I want to soak up the sun (lamp)

The dangers of self-tanning may finally be gaining political currency.

Sarah Goldstein
May 18, 2006 11:06PM (UTC)

Is it postcolonial irony or just plain depressing that in a week in which Broadsheet reported on the skin-whitening craze in Asia, we've got to cover the reverse obsession in the United States?

With summer just around the corner there's no better time for the New York Times Styles section to make women feel self-conscious about pale skin. So it was a pleasant surprise to read an article actually warning against the very real risks of the tanning salon. According to the Indoor Tanning Association, an industry trade group in Washington, "an estimated 30 million Americans visit a tanning salon at least once a year, the majority of whom are women 20 to 35 years old," the Times reports. And while many of these women know about the risks associated with skin cancer, they'd prefer to "temper" the practice by cutting back on the intensity of UVA light, keeping a towel over their face or visiting the salon less often than stopping altogether.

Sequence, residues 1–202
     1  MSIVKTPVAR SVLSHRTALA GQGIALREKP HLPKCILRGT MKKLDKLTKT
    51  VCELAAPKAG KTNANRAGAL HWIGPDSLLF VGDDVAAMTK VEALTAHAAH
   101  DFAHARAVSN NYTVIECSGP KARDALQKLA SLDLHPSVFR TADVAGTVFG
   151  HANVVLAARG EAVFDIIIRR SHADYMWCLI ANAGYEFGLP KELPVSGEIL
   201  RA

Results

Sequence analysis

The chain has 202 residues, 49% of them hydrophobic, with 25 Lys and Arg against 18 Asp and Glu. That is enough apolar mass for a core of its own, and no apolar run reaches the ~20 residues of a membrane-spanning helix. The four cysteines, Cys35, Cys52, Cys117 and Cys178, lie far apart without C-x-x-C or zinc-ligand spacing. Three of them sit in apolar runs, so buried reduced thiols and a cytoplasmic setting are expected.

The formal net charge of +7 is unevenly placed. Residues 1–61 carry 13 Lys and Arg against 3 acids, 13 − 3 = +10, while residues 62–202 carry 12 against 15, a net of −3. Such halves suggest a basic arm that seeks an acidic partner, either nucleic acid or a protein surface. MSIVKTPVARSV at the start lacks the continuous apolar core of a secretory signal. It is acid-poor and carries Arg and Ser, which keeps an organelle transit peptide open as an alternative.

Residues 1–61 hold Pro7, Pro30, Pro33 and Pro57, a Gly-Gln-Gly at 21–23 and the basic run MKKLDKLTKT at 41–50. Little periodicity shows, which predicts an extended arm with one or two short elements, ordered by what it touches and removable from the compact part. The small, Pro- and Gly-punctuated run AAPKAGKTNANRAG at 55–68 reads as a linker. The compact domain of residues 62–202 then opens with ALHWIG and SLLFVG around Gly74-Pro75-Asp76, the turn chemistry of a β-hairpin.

Barabara A. Gilchrest, the chairwoman of the dermatology department at Boston University School of Medicine and skin cancer research, told the Times that "young, healthy people who think they are invulnerable cannot really imagine that someday they are going to be 40, 50 or 60 and get skin cancer. What drives them is not health concerns. They go to tanning salons or sunbathe because of pervasive and persistent societal beliefs that tan skin is attractive." Indeed, almost all of the women whom the Times spoke to at tanning salons around New York admitted that even though it's potentially dangerous, it's worth it because they "don't want to be pale." Casey Brooks, 18, a student at Syracuse University who will tan three times a week before a special event like prom or a wedding, observed, "It's so ironic that you think a tan makes you look healthier, even though it's just the opposite."

The good news is that the dangers of the fake-'n'-bake are starting to attract political attention. Rep. Carolyn B. Maloney, D-N.Y., and Rep. Ginny Brown-Waite, R-Fla., are introducing a bill "asking the Food and Drug Administration to consider making warning labels on tanning beds more prominent and strident." Maloney made a smart analogy, saying that 50 years ago "warnings on cigarette packages said smoking may be dangerous to your health. Now cigarette packs say smoking causes cancer. We don't want to wait another 50 years to have labels that adequately warn people that tanning beds cause cancer."

And besides, as Gilchrest says, "You don't want your skin to look like an old Louis Vuitton wallet." Truer words have not been spoken.

Sarah Goldstein

Sarah Goldstein is an editorial fellow at Salon.

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